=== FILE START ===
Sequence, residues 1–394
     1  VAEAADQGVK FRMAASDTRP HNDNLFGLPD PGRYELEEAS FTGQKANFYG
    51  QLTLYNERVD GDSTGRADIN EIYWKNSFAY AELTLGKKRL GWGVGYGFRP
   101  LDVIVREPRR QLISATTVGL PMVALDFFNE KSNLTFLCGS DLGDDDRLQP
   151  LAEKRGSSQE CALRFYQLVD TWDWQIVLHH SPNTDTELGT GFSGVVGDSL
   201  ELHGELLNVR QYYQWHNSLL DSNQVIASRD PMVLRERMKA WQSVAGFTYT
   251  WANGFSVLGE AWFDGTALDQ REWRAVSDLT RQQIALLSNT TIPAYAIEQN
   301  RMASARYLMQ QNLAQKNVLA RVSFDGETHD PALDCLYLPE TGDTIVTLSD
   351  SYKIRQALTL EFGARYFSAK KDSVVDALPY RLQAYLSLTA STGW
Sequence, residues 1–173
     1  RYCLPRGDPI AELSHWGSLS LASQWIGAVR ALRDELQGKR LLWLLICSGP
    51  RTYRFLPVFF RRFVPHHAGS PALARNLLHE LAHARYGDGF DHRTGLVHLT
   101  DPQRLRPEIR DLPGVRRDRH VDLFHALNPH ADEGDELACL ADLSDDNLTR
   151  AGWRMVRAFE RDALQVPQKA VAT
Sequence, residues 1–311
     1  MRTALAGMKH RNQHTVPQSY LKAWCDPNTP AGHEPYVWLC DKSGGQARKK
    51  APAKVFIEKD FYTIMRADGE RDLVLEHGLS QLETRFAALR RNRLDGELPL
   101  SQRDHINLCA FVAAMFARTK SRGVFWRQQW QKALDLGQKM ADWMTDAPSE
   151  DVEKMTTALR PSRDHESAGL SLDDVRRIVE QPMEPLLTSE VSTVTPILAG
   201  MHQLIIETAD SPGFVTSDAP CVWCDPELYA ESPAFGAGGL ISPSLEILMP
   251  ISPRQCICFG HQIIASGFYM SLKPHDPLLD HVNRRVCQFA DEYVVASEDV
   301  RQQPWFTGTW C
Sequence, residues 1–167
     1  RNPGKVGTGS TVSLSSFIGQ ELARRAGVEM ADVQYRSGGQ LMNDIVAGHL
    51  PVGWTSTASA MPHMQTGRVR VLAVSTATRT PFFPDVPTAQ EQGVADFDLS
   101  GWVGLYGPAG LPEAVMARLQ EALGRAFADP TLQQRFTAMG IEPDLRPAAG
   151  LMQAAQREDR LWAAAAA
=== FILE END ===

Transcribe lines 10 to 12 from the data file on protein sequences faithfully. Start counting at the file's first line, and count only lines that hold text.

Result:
Sequence, residues 1–173
     1  RYCLPRGDPI AELSHWGSLS LASQWIGAVR ALRDELQGKR LLWLLICSGP
    51  RTYRFLPVFF RRFVPHHAGS PALARNLLHE LAHARYGDGF DHRTGLVHLT